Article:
I remember hearing that and it hit me in such a powerful way because, to me, it’s such an important message for today, and it’s the central message, for me, of Into the Woods, that song “No One Is Alone.” And I thought, “Wow, what an important message for children of today, especially, but families as well,” because I feel like children are dealing with a much more unstable and fragile world than existed when I was growing up — dealing with school shootings or the devastation of something like Hurricane Sandy or any kind of terrorism.

They’re so much wiser, in a way, much more attuned to the world, I think, and have to grow up a lot quicker. And I just felt like, "What comfort can you give them?" And it’s that comfort that you are not alone and that you are with someone and no one is alone. And that’s the message to the children who have experienced loss in our film. "You are not alone. No one is alone." This new family is created at the end of our film. It explores what happens after "happily ever after," and then it becomes more real. I feel like it’s something that children can connect with today — a family that’s not "a normal family," that’s been "created" in some way, and also being able to hold onto each other to move forward.

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Although, at a quick glance, it feels like, a fun, lighthearted musical, the truth is it has incredible depth and many layers to it because Stephen Sondheim is a genius. The great thing about it is that it’s not a preachy piece; the fun about it, for me, is that the package that’s inside is funny and colorful and joyous and clever — all the wonderful things about it — but that it also has a profound nature.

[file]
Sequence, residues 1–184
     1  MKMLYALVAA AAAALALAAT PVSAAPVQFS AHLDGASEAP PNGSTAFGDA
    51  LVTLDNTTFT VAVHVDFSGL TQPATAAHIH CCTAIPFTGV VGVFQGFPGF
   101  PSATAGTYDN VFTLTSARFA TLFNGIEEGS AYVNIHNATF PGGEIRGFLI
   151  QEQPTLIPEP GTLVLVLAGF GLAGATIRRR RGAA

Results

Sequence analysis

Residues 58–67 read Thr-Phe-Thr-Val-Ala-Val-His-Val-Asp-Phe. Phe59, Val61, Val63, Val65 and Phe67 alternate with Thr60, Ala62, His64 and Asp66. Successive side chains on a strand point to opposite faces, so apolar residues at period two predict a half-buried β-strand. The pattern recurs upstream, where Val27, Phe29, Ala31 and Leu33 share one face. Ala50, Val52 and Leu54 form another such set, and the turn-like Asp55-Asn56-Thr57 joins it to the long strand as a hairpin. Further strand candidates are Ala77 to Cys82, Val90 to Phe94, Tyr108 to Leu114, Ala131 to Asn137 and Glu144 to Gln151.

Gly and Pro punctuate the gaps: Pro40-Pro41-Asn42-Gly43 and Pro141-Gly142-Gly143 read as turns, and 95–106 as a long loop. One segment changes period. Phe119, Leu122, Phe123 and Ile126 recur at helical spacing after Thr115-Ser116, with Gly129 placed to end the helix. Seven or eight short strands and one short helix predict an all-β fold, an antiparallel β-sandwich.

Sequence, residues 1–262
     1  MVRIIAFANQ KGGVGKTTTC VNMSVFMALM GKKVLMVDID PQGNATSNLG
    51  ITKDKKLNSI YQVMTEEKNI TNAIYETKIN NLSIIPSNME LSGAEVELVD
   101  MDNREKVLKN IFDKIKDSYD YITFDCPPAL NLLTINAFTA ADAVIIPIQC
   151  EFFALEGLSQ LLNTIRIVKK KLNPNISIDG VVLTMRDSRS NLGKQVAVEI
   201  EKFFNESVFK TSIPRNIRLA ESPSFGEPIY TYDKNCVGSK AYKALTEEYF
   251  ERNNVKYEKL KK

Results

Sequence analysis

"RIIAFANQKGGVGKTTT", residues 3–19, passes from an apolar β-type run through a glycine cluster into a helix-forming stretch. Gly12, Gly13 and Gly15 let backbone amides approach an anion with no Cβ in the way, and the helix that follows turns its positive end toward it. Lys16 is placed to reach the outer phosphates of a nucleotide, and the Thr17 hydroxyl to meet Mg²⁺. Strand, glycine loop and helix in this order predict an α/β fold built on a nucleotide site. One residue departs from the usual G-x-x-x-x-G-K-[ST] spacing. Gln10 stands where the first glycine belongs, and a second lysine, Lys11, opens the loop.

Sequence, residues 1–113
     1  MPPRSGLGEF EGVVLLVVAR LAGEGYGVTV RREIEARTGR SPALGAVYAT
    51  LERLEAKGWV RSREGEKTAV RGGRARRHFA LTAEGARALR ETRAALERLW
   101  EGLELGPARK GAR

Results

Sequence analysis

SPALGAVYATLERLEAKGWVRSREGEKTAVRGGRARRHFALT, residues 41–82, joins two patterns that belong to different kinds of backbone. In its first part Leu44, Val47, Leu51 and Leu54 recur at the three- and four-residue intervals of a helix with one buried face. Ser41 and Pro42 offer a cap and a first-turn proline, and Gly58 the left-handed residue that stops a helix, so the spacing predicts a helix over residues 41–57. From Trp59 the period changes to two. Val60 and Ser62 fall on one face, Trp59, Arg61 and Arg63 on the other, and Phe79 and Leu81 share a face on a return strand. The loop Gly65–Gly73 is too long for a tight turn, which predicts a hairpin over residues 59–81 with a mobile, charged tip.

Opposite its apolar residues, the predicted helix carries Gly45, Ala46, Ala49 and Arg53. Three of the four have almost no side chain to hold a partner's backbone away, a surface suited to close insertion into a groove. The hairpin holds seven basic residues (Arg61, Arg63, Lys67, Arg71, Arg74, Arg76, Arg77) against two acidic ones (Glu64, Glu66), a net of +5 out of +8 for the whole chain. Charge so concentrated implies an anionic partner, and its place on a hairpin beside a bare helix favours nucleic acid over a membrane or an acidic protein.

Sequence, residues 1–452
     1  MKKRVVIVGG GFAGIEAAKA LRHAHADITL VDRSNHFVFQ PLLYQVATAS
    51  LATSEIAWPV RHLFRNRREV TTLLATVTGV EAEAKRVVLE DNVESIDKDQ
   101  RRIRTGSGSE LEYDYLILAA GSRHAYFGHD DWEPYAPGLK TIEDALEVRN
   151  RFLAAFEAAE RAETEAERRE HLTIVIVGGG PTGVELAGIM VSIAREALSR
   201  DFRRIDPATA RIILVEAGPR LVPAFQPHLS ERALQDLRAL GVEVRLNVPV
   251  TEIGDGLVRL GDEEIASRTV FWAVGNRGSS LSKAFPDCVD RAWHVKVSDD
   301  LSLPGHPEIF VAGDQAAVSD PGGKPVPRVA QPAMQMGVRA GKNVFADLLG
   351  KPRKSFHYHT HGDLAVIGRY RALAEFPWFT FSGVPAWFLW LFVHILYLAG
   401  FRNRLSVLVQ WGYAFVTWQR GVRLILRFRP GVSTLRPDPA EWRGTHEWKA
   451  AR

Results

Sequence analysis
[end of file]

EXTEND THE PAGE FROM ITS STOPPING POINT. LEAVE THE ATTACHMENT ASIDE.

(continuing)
If you look back, not too far in the past, was there one particularly crucial creative decision that you made on Into the Woods? Perhaps something to do with the opening sequence, which is so unconventional, or maybe keeping or losing something from the show?

You know, it’s funny you say the opening, because the opening was the key that unlocked it all for me. Even in its structure on stage, it felt cinematic because it’s cross-cutting and introducing so many stories, but not in a linear way. It’s a 16-minute number, and in that number you do a few things: You establish the language of the film because there’s going to be singing that goes into dialog and back into singing, and that’s very important in a musical.

You have to sort of say, “This is how it’s going to be told and we’re not going to break the rules and that’s how it’s going to be.” I always feel like you need to do that in the first, like, 10 minutes of the film, this is how it’s going to be told. And I remember sitting down with James Lapine and John DeLuca — we all worked on it together — and we started sort of looking at the shape of the opening sequence. The film is very similar to what’s on stage, in terms of the material — obviously, we were able to open it up to different locations and things — but that was the key that unlocked it for me.

I have always been struck by the look of your films, and I was really struck, in preparing for this, to discover how many of the same craft people you work with on film after film. Is that also something that stems from your work in the theater, placing such great value on craft work and the people who do it?

You know, in my mind I always am hoping that I’m like a little mini Arthur Freed unit. That’s always my dream, to be part of that, because he created this well-oiled machine that would churn out these amazing musicals, one after the next after the next after the next, because he had the same people involved — same director, same designer, same choreographer, same composers, same writers, all of that — so they knew how it worked.